Well...:wise:...they're not jokes actually.

The second one illustrates how contrast increase has your rbain thinking that it should "reset" 50% grey in your head. At least that's how I get it.:)

alexyork
05-13-2005, 04:53 PM
This is an excellent example of how colors are relative, and questions like "What's a good skin tone color to use?" are completely futile.

Absolutely! I've always maintained that colour choices are entirely relative. for instance, it is perfectly possible to produce a shot with a bright blue apple in it. in theory our brain tells us that a blue apple is weird/wrong/incorrect, but with colours in the surrounding space that work properly, relative to the blue apple, the entire shot can work perfectly (if a little weirdly). The movie 'Hero' is a very good example of this.

This stuff is fascinating to me.

paperclip
05-13-2005, 05:22 PM
If anyone can produce a picture with a blue apple that looks red, I would be amazed. Not that I don't believe that it can't be done, just...it sounds so unreal.

alexyork
05-13-2005, 05:56 PM
If anyone can produce a picture with a blue apple that looks red, I would be amazed. Not that I don't believe that it can't be done, just...it sounds so unreal.

it's not that the apple looks red - it's more that the image works as a whole, because the colour relationships work regardless of the subject matter.

DrFx
05-13-2005, 06:38 PM
If anyone can produce a picture with a blue apple that looks red, I would be amazed. Not that I don't believe that it can't be done, just...it sounds so unreal.

Ok, I've tried it, but it's far from perfect. But I think I got the trick, it works better if the surrounding colour is the opposite of (in this case) red, and perhaps if you have got some colour variance throughout the scene (which is not the case). Oh, well 10 min. wasted precious labor time! :applause:

alexyork
05-13-2005, 07:07 PM
woah! my point has been totally taken out of context haha! interesting challange tho! far more interesting than my original point... :scream:

carry on!

paperclip
05-13-2005, 09:27 PM
It looks more like a plum to me....let me see if I can do anything. Watch this space!(JUST the colors, remember, not the actual apple needs to be worked on, can you make a blue look red just by combining other colors? I bet Linda could do it!)

jmBoekestein
05-13-2005, 09:50 PM
Why don't we all give it a shot? Seems a lot of fun. I'm going to try too. :wip:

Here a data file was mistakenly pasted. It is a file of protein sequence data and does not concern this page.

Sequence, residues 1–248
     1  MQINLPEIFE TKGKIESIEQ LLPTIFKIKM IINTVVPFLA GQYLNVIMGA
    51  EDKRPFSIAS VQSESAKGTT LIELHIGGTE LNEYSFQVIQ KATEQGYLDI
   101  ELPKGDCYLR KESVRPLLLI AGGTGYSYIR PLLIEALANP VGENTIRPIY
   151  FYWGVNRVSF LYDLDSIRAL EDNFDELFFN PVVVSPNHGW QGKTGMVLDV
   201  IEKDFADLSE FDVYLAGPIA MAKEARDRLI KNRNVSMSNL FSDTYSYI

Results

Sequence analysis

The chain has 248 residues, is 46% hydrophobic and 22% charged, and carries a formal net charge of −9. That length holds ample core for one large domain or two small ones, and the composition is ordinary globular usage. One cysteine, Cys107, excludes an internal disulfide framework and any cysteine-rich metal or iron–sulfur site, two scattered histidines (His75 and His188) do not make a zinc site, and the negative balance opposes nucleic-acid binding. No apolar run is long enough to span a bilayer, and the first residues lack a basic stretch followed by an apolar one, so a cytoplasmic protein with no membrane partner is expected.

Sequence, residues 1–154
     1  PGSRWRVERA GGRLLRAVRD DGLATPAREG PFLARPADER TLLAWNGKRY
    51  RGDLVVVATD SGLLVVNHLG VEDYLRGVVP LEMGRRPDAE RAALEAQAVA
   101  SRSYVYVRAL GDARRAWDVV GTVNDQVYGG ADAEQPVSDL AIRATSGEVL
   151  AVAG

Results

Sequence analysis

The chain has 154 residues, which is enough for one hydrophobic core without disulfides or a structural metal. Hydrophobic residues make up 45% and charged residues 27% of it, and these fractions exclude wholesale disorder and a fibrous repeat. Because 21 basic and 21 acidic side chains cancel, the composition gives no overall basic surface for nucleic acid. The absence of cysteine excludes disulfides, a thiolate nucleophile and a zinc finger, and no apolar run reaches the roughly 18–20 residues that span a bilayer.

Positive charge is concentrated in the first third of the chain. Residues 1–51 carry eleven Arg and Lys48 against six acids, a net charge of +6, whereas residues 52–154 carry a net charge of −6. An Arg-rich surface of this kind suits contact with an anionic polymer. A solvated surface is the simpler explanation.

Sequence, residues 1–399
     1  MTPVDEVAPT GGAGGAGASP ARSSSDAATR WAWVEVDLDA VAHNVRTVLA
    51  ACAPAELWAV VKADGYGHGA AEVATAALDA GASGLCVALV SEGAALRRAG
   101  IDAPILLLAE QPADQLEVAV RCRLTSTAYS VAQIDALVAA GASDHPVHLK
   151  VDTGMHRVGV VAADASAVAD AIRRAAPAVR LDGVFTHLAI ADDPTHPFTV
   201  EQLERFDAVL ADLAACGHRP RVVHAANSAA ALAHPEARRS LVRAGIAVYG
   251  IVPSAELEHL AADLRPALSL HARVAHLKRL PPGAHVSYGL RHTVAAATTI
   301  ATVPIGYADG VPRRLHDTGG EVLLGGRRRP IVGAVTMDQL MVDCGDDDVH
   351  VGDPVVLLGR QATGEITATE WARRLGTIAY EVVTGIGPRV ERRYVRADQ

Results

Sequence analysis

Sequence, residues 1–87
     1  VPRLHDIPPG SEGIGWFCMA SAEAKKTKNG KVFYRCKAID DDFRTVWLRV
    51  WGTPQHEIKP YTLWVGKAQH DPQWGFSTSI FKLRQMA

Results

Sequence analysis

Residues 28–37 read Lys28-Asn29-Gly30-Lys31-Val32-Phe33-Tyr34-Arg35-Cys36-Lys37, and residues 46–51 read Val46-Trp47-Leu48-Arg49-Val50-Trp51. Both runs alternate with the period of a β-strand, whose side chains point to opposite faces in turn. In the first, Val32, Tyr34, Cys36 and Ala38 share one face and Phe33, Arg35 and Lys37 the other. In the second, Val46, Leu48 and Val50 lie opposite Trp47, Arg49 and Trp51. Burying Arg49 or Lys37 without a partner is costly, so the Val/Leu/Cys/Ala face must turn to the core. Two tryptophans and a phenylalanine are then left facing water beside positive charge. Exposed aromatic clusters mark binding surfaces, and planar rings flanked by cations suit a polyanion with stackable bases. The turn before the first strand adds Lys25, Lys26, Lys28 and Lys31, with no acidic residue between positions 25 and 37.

alexyork
05-13-2005, 11:29 PM
You know... if this thing gets popular, it might be pretty cool to see if we can come up with some mini challanges along the same lines.

I might have accidentally started a potential revolution! :D

Hey, I guess we should wait and see what people post, and if this thing really works 1st :)

paperclip
05-13-2005, 11:37 PM
This is the closest I can get (for now :twisted: )

http://img50.echo.cx/img50/6708/blueintored1jc.jpg

umbrellasky
05-13-2005, 11:41 PM
Pretty cool. I've seen one of these before amazing how easily we can be fooled, guess the whole neutral and chromatic grays thing works in the same way.

weird...

jmBoekestein
05-14-2005, 12:32 AM
http://img66.echo.cx/img66/344/yellabastard1lj.jpg (http://www.imageshack.us)

'nuff said, but I'll keep trying. I went over the yellow border a wee bit. I cheated.:shrug:This really is a good learning experience actually.

leeyiankun
05-14-2005, 07:22 AM
You've heard of the term that 'it's all relative' right?
That is how human find themselves.
How far apart we are from other ppl/things.
How can you tell a position of an object?

You tell it by the co-ordiated space in relations to others.

I think one green apple in a lone universe has no color at all actually.
Because you'll have nothing in which to judge it by.

As for this wonderful example of color perception?
Well, this is a good demonstration how we humans base are good at adapting.

Lets try and think of a system that human use exact color to percieve by.
And how confusing it is going to give us.

Hmm... That's an interesting thought indeed.

DrFx
05-16-2005, 09:28 AM
Well, I think the next CG Challenge should be "The Blue Red Apple"! What do you think? :)